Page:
So, I left. And, though serving the President and Secretary Duncan is an immense honor, I paid a heartbreaking price.
This is the real power of Teach to Lead. I know there are many teachers out there like me – who yearn to use their leadership skills and to be heard by decision-makers. Our nation is losing an unquantifiable resource as teachers make the tough choice to leave the classroom year after year.
It’s time that we recognize that the toughest problems facing education today cannot be solved without teachers, their input, or their leadership. We must build systems at the federal, state, and local levels to equip teachers with the resources and support to develop as educators and as leaders.
In these efforts, Teach to Lead is undoubtedly moving the needle. And as the movement heads to Boston and beyond, I feel incredibly lucky to play a part.
Kelly Fitzpatrick is a confidential assistant in the Office of Planning, Evaluation, and Policy Development at the U.S. Department of Education.
The program will bring top expertise to teach in India, but some Indian professors are concerned about the expense and the one-sided nature of it.
– Secretary Arne Duncan
Earlier this week, President Obama sent his Fiscal Year (FY) 2016 budget proposal to Congress. We know that you’re busy, and you may not have had the chance to dig through the details of the budget. For us, the big takeaway is that the budget request demonstrates the Obama Administration’s commitment to education as a means to strengthen America’s middle class, help hard-working families, and ensure that every child has the opportunity to fulfill his or her greatest potential.
Why Budgets Matter
This week’s budget announcement is a big deal for teachers, parents, and students. In fact, if you’re like the President and our team at the Department of Education, you probably believe that education is at the core of a successful and economically competitive America.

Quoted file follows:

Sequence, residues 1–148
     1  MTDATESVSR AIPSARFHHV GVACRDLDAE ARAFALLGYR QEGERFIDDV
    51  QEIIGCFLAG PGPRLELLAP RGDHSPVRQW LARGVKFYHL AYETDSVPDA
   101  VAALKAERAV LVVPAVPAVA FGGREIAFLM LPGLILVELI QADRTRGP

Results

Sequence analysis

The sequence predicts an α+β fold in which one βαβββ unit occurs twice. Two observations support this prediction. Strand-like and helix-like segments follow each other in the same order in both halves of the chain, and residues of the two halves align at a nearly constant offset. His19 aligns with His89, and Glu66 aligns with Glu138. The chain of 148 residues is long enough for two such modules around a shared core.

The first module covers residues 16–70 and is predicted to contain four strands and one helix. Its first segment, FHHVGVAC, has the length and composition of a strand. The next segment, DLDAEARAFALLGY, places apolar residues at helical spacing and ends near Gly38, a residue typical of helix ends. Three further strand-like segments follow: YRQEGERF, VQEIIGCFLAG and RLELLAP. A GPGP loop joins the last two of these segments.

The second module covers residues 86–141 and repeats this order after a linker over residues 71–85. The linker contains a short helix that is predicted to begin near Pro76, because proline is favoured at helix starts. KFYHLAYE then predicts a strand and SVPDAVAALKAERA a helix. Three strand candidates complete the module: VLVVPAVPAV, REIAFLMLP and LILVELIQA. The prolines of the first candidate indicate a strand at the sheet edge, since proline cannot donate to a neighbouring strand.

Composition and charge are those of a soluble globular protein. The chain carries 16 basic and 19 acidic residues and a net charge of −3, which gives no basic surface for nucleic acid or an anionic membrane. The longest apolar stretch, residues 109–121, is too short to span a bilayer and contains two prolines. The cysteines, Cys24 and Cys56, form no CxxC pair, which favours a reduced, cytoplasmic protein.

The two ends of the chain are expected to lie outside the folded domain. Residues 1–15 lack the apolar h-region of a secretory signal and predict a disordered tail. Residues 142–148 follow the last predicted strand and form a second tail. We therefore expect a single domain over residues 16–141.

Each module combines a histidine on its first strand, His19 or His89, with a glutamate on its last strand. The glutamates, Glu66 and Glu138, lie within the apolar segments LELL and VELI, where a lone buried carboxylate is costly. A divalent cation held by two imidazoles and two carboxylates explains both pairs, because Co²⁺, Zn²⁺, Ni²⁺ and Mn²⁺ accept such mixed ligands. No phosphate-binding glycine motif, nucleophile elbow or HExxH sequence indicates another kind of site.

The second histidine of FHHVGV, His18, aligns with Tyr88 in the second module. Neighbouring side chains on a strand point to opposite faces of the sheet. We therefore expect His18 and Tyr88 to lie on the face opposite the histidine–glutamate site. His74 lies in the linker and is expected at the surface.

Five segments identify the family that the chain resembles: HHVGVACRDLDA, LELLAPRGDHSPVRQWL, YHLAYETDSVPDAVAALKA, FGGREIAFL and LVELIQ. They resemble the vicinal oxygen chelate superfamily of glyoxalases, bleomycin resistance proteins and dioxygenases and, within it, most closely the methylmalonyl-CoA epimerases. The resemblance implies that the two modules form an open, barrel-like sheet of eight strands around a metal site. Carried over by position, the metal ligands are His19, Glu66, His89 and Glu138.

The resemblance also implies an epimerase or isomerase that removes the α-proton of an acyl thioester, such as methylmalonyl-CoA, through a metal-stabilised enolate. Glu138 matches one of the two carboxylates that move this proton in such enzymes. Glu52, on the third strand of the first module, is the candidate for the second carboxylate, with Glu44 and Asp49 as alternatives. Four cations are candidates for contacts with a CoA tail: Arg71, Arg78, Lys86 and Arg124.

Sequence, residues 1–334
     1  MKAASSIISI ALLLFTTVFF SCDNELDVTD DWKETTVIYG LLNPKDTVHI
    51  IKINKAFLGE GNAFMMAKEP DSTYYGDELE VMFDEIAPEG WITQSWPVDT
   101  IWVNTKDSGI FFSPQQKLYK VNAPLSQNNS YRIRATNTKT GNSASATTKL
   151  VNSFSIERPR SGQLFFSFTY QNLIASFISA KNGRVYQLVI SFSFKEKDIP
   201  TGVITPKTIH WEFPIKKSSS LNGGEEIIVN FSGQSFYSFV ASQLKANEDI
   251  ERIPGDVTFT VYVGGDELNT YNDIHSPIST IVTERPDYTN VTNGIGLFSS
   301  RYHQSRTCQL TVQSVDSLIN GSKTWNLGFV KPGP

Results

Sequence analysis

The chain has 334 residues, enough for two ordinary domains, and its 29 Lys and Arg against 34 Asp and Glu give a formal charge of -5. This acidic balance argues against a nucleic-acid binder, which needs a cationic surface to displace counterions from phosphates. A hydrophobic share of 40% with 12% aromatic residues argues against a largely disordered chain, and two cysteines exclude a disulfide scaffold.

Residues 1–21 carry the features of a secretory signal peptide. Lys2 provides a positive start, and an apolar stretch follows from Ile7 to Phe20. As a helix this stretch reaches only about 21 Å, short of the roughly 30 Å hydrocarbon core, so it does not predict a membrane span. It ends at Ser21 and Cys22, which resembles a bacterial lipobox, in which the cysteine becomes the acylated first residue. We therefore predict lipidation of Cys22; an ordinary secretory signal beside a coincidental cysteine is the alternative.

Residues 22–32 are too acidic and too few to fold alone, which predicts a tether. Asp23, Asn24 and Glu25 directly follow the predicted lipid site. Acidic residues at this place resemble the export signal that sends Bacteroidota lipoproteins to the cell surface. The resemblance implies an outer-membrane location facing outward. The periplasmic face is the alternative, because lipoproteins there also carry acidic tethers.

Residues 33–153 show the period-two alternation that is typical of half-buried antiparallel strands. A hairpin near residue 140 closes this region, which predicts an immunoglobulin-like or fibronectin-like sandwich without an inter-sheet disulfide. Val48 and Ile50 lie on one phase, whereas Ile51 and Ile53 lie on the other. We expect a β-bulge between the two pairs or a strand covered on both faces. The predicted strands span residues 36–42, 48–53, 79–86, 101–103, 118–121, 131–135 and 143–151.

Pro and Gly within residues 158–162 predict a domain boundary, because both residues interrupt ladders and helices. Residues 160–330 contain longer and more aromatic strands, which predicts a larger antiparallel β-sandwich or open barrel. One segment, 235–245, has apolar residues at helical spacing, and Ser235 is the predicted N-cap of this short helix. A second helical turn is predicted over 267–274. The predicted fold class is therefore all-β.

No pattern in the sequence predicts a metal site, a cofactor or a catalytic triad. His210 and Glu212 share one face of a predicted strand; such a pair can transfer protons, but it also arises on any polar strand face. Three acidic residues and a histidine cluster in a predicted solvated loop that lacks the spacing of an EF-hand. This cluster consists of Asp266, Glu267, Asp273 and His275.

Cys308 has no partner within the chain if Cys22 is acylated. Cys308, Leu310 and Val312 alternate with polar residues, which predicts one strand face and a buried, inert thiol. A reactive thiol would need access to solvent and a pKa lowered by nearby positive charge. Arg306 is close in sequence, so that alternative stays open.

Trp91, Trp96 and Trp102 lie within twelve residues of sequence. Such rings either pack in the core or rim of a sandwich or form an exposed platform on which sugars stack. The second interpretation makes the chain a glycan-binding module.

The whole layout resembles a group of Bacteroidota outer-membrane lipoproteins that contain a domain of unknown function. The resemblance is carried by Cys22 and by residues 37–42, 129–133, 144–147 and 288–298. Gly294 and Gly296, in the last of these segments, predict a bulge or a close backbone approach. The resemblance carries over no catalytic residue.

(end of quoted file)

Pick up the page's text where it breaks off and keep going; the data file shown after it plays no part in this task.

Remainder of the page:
Tell Us Your Story
In the coming weeks, Secretary Duncan will testify before Congress on the President’s budget proposal, but before he goes, he wants to hear from you. In the form below, tell us what the budget means for you, so he can share that message when he testifies before Congress.
We know that at schools around the country, dollars are stretched thin, and that every penny in education makes a difference. That’s why budgets are important. They reflect our belief that education is at the core of what makes our country great.
Colleges are trying new services that let students comment anonymously on professors and courses—and setting guidelines to avoid the vitriol seen on apps like Yik Yak.
Gen. Charles C. Krulak talks about the steps that he took to restore stability to Birmingham-Southern College.
A surge in demand for remedial coursework could tax the existing system. Here are some ways institutions are meeting the challenge.
Colleges increasingly turn to full-time, contingent instructors to handle work once done by tenure-track professors, a new study of federal data shows.
Cross-posted from the White House blog.